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An Introduction to the

Linux Command Shell

For Beginners

Presented by:
Victor Gedris
In Co-Operation With:
The Ottawa Canada Linux Users Group
Copyright and Redistribution
This manual was written with the intention of being a helpful guide to Linux users who are trying
to become familiar with the Bash shell and basic Linux commands. To make this manual useful to
the widest range of people, I decided to release it under a free documentation license, with the
hopes that people benefit from it by updating it and re-distributing modified copies. You have
permission to modify and distribute this document, as specified under the terms of the GNU Free
Documentation License. Comments and suggestions for improvement may be directed to:

This document was created using an Open Source office application called Open Office. The file
format is non-proprietary, and the document is also published in various other formats online.
Updated copies will be available on Vic Gedris' web site []. For
more information on Open Office, please visit

Copyright © 2003 Victor Gedris.

Permission is granted to copy, distribute and/or modify this document under the terms of the GNU
Free Documentation License, Version 1.1 or any later version published by the Free Software
Foundation; with no Invariant Sections, with no Front-Cover Texts, and with no Back-Cover
Texts. A copy of the license is available from the Free Software Foundation's website:

Document Version: 1.2, 2003-06-25

1.0 Introduction
The purpose of this document is to provide the reader with a fast and simple introduction to using
the Linux command shell and some of its basic utilities. It is assumed that the reader has zero or
very limited exposure to the Linux command prompt. This document is designed to accompany an
instructor-led tutorial on this subject, and therefore some details have been left out. Explanations,
practical examples, and references to DOS commands are made, where appropriate.

1.1 What is a command shell?

A program that interprets commands
Allows a user to execute commands by typing them manually at a terminal, or automatically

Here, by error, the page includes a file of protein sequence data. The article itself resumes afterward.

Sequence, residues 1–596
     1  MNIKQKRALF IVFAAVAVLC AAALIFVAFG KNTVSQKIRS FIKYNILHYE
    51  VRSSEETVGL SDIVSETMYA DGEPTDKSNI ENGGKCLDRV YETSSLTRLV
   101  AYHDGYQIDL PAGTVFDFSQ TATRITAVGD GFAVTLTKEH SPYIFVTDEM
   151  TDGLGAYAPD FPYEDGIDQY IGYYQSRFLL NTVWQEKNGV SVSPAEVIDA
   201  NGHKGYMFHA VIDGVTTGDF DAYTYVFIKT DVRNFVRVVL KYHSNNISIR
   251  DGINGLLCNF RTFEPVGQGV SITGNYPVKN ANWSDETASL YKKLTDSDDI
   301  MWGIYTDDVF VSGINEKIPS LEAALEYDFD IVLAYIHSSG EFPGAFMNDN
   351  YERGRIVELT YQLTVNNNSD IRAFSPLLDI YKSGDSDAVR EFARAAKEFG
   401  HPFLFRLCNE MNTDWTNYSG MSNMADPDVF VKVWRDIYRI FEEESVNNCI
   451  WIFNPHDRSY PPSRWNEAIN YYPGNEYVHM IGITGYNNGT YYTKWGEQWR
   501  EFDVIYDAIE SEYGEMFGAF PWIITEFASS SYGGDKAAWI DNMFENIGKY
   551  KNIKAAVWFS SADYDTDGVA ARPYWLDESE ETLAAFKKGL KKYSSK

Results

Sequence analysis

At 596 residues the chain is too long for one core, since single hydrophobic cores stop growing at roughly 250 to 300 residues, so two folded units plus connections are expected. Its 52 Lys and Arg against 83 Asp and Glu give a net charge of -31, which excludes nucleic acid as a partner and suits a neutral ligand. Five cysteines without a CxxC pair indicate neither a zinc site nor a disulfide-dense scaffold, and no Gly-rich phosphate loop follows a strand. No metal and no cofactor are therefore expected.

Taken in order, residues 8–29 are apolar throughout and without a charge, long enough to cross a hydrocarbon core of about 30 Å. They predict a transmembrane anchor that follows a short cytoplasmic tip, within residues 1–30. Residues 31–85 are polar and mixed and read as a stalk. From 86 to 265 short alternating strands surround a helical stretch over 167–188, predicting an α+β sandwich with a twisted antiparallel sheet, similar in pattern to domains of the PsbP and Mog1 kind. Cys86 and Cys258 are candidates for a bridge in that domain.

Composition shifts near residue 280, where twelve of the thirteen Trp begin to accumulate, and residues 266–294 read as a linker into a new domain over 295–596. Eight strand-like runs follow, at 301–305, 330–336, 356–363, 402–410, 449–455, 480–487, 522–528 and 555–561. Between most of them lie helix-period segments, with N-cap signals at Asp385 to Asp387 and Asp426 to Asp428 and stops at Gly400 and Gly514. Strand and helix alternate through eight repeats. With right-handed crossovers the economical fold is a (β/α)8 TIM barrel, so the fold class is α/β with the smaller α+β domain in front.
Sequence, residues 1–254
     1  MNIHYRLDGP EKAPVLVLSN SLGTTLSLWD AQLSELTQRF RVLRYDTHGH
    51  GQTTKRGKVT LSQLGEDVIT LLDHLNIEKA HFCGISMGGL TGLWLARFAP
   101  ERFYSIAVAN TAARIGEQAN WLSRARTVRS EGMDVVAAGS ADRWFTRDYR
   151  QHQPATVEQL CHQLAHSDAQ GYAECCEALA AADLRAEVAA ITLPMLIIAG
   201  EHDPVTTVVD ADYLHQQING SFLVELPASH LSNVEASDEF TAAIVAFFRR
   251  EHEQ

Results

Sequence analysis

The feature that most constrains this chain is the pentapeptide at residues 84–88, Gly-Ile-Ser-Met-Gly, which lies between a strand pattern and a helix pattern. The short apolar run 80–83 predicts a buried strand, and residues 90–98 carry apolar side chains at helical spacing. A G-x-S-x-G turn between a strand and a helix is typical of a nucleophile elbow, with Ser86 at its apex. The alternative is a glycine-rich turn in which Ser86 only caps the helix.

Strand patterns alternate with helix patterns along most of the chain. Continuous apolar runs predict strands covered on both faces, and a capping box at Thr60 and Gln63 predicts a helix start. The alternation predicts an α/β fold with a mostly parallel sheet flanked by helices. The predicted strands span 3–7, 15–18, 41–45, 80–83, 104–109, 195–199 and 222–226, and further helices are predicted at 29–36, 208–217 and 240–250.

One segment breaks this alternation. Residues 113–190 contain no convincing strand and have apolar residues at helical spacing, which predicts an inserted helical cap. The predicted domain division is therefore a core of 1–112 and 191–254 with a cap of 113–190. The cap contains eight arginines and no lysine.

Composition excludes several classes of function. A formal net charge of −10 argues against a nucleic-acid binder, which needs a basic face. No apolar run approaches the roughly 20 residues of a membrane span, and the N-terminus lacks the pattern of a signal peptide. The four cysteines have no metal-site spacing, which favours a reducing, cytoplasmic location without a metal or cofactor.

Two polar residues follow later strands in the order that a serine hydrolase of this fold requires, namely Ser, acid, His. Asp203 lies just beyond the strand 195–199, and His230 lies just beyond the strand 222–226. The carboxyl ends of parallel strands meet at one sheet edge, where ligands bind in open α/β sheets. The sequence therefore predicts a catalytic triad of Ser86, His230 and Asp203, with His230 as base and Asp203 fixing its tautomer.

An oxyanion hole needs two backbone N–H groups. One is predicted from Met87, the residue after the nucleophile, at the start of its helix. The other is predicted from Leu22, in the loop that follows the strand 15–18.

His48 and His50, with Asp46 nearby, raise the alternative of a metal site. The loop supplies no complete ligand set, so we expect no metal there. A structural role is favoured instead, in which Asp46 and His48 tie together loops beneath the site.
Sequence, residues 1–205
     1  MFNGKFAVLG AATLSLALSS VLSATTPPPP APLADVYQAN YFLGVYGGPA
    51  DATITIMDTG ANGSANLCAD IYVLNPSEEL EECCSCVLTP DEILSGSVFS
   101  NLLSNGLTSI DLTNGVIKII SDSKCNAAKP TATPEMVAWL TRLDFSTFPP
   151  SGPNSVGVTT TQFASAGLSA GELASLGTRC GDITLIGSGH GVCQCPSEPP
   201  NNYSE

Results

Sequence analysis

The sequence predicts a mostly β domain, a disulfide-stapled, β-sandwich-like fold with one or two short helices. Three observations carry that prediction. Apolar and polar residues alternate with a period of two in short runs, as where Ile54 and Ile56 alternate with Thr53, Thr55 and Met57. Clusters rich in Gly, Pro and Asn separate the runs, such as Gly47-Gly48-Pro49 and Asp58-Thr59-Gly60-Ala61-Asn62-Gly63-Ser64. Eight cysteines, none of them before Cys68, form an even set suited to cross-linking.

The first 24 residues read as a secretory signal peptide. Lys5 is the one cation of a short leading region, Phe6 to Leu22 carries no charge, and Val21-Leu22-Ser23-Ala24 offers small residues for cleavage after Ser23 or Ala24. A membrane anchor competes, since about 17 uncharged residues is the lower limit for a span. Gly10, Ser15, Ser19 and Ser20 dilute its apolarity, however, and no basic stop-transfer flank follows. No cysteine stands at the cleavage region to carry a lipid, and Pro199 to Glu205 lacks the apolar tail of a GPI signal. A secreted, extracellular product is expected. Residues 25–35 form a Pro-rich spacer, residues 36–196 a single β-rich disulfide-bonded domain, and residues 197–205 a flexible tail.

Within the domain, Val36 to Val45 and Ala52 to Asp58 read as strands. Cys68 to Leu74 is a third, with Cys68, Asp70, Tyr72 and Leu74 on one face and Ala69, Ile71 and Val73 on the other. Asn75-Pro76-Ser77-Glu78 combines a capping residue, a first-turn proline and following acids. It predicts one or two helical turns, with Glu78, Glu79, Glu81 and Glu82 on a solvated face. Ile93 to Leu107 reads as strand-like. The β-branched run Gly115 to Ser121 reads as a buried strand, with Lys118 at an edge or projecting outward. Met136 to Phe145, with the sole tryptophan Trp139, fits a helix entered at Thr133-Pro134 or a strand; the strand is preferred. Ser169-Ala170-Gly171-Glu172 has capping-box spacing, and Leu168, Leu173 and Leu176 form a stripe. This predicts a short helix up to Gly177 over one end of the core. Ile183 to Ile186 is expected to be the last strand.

in programs called shell scripts.
A shell is not an operating system. It is a way to interface with the operating system and run

1.2 What is BASH?

BASH = Bourne Again SHell
Bash is a shell written as a free replacement to the standard Bourne Shell (/bin/sh)
originally written by Steve Bourne for UNIX systems.
It has all of the features of the original Bourne Shell, plus additions that make it easier to
program with and use from the command line.
Since it is Free Software, it has been adopted as the default shell on most Linux systems.

1.3 How is BASH different from the DOS command prompt?

Case Sensitivity: In Linux/UNIX, commands and filenames are case sensitive, meaning
that typing “EXIT” instead of the proper “exit” is a mistake.
“\” vs. “/”: In DOS, the forward-slash “/” is the command argument delimiter,
while the backslash “\” is a directory separator. In Linux/UNIX, the
“/” is the directory separator, and the “\” is an escape character. More
about these special characters in a minute!
Filenames: The DOS world uses the “eight dot three” filename convention, meaning
that all files followed a format that allowed up to 8 characters in the
filename, followed by a period (“dot”), followed by an option extension,
up to 3 characters long (e.g. FILENAME.TXT). In UNIX/Linux, there is
no such thing as a file extension. Periods can be placed at any part of the
filename, and “extensions” may be interpreted differently by all
programs, or not at all.
1.4 Special Characters
Before we continue to learn about Linux shell commands, it is important to know that there are
many symbols and characters that the shell interprets in special ways. This means that certain
typed characters: a) cannot be used in certain situations, b) may be used to perform special
operations, or, c) must be “escaped” if you want to use them in a normal way.
Character Description
\ Escape character. If you want to reference a special character, you must “escape” it
with a backslash first.
Example: touch /tmp/filename\*
/ Directory separator, used to separate a string of directory names.
Example: /usr/src/linux
. Current directory. Can also “hide” files when it is the first character in a filename.
.. Parent directory
~ User's home directory
* Represents 0 or more characters in a filename, or by itself, all files in a directory.
Example: pic*2002 can represent the files pic2002, picJanuary2002,
picFeb292002, etc.
? Represents a single character in a filename.
Example: hello?.txt can represent hello1.txt, helloz.txt, but not
[ ] Can be used to represent a range of values, e.g. [0-9], [A-Z], etc.
Example: hello[0-2].txt represents the names hello0.txt,
hello1.txt, and hello2.txt
| “Pipe”. Redirect the output of one command into another command.
Example: ls | more
> Redirect output of a command into a new file. If the file already exists, over-write it.
Example: ls > myfiles.txt
>> Redirect the output of a command onto the end of an existing file.
Example: echo “Mary 555-1234” >> phonenumbers.txt
< Redirect a file as input to a program.
Example: more < phonenumbers.txt